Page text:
The controversial proposed police and firefighter training facility in Atlanta colloquially known as Cop City is back in the public consciousness. Two years of protests have already resulted in the death of at least one protestor under suspicious circumstances.
The state of Georgia indicted 61 protesters and organizers on racketeering and domestic terrorism charges using the Racketeer Influenced and Corrupt Organizations Act (RICO). In the indictment Georgia’s attorney general called the efforts of social justice advocates a conspiracy to “prevent the construction of Atlanta Public Safety Training Center” through “coordinating and organizing acts of violence, intimidation and property destruction.” Incidents in January and March, after protestors destroyed a police vehicle, then forced police out of a construction site and destroyed construction equipment, have been the catalyst for the domestic terrorism charges.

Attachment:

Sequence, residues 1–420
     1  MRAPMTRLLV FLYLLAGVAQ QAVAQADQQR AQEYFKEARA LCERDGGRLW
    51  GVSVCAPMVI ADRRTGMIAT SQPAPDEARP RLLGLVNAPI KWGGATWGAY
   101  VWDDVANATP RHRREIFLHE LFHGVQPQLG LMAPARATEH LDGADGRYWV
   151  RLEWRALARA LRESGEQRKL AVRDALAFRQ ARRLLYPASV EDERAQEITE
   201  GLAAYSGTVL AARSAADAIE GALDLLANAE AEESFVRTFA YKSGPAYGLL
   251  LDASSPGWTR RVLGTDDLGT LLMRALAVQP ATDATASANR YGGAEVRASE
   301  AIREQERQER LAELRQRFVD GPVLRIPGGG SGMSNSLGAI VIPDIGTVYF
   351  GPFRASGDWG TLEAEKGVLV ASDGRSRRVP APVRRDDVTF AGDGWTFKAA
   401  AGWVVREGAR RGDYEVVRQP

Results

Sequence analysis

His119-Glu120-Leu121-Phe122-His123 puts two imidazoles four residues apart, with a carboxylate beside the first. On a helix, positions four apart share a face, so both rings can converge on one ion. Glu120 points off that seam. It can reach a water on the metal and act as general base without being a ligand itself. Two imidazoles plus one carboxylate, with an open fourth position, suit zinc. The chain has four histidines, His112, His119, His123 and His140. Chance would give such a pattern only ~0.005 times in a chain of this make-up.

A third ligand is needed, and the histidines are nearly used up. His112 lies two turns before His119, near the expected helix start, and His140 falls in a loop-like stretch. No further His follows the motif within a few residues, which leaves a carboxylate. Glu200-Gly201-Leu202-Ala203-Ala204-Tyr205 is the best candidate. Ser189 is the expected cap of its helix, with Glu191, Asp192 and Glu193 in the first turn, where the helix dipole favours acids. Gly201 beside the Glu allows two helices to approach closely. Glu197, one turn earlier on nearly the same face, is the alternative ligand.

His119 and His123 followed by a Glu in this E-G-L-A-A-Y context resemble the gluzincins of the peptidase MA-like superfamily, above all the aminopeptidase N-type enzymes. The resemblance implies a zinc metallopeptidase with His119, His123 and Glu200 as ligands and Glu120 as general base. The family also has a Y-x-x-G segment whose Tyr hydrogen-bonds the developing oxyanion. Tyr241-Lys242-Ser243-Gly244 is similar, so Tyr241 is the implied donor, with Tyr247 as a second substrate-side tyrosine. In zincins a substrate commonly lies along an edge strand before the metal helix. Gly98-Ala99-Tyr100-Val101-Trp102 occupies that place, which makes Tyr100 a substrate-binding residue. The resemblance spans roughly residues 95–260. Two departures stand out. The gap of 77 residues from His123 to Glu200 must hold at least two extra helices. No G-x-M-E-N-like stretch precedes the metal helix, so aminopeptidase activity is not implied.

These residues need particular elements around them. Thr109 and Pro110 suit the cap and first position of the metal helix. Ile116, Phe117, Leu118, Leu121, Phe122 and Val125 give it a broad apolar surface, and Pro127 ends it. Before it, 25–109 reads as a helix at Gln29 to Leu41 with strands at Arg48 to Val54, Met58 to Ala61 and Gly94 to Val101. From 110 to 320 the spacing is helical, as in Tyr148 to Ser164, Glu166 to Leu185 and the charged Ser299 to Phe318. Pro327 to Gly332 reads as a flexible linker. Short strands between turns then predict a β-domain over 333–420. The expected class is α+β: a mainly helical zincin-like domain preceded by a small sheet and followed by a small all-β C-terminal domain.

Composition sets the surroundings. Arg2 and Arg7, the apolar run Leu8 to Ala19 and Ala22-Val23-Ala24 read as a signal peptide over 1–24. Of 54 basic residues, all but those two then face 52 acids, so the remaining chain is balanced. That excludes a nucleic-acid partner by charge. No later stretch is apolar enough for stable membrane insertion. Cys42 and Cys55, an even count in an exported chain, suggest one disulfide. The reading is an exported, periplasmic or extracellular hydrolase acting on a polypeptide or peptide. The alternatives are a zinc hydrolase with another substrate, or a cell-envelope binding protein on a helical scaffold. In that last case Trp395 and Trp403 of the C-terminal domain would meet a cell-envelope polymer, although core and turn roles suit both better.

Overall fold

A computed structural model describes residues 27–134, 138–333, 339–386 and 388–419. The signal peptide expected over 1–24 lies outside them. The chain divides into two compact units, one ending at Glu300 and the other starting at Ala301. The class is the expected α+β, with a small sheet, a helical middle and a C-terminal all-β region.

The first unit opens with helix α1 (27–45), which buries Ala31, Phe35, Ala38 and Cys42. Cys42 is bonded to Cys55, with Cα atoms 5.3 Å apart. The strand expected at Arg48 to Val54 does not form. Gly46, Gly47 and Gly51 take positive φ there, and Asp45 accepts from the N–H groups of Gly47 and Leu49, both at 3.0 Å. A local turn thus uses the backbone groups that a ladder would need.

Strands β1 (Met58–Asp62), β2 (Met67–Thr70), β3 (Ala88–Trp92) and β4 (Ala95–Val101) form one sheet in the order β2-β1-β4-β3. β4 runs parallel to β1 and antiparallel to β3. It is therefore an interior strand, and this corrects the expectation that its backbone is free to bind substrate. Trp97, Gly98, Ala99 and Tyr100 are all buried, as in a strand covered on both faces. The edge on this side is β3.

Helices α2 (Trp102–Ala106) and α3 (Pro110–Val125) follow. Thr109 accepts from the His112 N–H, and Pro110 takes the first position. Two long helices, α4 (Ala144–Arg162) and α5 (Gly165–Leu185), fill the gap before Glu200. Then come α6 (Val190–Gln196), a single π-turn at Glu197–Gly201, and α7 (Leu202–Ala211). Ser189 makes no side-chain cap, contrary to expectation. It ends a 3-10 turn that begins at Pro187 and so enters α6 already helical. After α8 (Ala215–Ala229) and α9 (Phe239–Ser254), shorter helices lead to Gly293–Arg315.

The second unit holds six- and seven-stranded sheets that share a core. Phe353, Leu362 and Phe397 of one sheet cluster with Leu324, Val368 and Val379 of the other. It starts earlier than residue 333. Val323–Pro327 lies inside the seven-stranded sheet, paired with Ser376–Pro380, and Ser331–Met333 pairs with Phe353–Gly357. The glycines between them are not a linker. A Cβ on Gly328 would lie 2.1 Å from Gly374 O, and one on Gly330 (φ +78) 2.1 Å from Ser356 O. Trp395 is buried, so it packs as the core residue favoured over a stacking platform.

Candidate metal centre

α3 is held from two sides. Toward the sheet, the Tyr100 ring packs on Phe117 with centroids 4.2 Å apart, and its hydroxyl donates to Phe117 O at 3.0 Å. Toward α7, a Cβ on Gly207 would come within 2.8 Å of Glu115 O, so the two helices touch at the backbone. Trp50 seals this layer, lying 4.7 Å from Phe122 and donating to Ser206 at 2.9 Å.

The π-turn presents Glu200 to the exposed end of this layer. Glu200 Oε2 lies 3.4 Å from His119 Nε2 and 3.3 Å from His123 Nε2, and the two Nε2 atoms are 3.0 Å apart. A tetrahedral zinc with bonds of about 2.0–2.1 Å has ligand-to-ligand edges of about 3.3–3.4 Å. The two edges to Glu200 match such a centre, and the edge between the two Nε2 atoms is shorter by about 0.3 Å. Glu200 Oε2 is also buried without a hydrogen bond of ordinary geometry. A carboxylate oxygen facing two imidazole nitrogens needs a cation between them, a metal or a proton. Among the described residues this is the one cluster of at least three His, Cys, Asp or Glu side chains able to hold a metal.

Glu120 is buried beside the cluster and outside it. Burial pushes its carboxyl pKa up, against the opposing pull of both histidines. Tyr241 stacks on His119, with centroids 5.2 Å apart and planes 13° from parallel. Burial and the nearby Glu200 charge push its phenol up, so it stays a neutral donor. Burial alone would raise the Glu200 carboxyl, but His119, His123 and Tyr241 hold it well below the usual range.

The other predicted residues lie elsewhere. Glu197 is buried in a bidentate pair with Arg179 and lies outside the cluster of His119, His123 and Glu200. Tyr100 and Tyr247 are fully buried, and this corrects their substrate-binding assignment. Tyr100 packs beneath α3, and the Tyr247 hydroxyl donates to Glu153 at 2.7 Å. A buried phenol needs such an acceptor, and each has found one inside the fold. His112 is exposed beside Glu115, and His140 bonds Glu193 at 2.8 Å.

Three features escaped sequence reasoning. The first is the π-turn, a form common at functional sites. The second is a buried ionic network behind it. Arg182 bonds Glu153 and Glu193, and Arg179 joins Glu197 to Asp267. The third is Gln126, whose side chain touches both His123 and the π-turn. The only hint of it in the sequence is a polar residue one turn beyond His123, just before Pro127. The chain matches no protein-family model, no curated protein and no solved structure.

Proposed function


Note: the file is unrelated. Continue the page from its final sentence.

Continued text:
This is concerning for Stop Cop City organizers, as widespread use of the RICO Act is happening despite the Associated Press reporting that Atlanta prosecutors are having trouble connecting all the protesters arrested with the violence that has occurred. Also, organizers who raised funds for bail and lawyers for protestors were charged with money laundering.
These charges have some strong implications for Stop Cop City protestors, as the ability to effectively organize is being blocked by the state of Georgia. With uncertain evidence being used for domestic terrorism prosecutions and nonviolent protestors being killed, Atlanta-based protestors are still in an uphill battle to have their voices truly heard by the state.